You are not alone. No, literally… Almost since your birth you have been living alongside numerous little fellows who have found shelter in your body, mostly in your digestive tract. And I say “fellows” because gut bacteria are truly beneficial. For example, they offer protection from other pathogenic microorganisms. I feel it is safe to say that friends (or fellows) are the ones you can turn to whenever you need some help. It got us thinking: well, what if you could ask these bacteria for help whenever you need it?

This is how we came up with an idea of PheLoss (fellows, get it?). Our attention is focused on the genetic disease called phenylketonuria. Basically, people born with this disorder cannot process amino acid phenylalanine and must avoid it throughout their lives. The only problem is that this amino acid is found in almost every variety of food, such as fish, dairy products or meat. Imagine yourself having phenylketonuria and wanting to have some potato chips. Well, you can only eat 10 of them a day. Eat one more and you risk damaging your brain. Sticking to such regime can become a real challenge for the child who goes to school and sees his friends eating whatever they want. Therefore, it is obvious that some people fail, because limiting phenylalanine intake throughout your lifetime only sounds simple when written in textbooks.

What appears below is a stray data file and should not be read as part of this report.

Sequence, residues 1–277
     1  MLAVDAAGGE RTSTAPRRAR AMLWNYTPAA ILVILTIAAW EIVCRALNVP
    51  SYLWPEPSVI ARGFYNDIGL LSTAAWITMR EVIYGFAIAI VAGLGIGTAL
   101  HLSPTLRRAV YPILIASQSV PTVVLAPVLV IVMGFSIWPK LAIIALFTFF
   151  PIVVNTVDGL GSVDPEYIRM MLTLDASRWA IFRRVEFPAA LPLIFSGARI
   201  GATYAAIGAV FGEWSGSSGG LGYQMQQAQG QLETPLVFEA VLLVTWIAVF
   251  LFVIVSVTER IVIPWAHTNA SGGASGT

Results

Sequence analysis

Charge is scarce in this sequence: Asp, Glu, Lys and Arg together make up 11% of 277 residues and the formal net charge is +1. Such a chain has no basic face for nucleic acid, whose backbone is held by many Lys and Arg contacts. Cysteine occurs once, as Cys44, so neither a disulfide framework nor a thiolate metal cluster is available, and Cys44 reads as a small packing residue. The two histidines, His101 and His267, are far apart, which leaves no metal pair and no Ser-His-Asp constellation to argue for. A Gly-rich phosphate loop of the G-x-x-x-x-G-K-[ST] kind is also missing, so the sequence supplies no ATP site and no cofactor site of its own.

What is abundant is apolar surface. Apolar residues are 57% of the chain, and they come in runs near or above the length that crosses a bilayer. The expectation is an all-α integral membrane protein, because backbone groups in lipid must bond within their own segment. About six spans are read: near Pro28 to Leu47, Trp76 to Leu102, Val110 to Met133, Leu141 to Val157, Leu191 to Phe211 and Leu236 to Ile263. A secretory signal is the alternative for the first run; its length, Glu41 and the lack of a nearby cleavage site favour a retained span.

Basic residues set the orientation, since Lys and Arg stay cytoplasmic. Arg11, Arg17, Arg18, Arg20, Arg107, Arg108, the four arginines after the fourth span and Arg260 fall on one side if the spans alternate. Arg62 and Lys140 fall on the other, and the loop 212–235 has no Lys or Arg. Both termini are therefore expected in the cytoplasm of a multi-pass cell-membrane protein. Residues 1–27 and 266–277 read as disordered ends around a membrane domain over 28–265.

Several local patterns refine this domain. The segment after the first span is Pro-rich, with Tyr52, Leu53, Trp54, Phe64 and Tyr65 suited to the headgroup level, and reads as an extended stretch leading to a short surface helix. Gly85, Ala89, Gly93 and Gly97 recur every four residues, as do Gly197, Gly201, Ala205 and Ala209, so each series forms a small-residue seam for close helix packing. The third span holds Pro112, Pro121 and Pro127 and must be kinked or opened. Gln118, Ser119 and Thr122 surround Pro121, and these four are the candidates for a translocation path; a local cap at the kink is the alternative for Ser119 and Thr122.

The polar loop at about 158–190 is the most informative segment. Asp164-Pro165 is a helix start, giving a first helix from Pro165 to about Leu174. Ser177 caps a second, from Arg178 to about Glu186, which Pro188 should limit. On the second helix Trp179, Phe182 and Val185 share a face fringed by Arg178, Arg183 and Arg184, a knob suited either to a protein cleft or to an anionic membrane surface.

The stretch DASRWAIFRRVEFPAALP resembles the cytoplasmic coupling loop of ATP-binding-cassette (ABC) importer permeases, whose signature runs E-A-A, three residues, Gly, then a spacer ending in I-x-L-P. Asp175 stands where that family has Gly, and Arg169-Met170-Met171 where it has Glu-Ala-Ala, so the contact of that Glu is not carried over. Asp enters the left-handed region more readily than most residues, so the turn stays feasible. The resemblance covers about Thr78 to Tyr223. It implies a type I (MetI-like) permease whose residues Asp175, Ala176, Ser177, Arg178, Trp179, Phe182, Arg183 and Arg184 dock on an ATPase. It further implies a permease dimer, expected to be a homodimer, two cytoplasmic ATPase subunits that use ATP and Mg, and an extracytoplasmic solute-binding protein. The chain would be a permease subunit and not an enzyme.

Here we turn to our friendly gut bacteria. The idea is that if your body cannot process phenylalanine, it is possible that the bacteria living in your gastrointestinal tract could deal with it. And, in fact, this is what we are doing. We “upgraded” Bacillus subtilis, a species of common gut bacteria, to break down phenylalanine or absorb it as a sponge. Since phenylalanine is abbreviated as Phe and our bacteria help lose it, we called them PheLoss. All you need to do is take a pill of these fellows before meal and they will take care of the rest.

Using bacteria as a supplement is not a new thing. You may have heard about probiotics which can be found in yoghurt. However, programming them for a specific purpose opens whole new possibilities. For instance, similar approach could be used to control the level of glucose in people with diabetes (this disease affects roughly 420 million people in the world) making them forget the insulin shots.

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To eat, or not to eat – that is the question people with phenylketonuria face (photo from our promotional video).

Our favourite place to meet, research and eat pizza afterwards (47 pizzas and counting so far).

Pure concentration is important to get results. Finding the strength to try again when you don’t get any results is essential.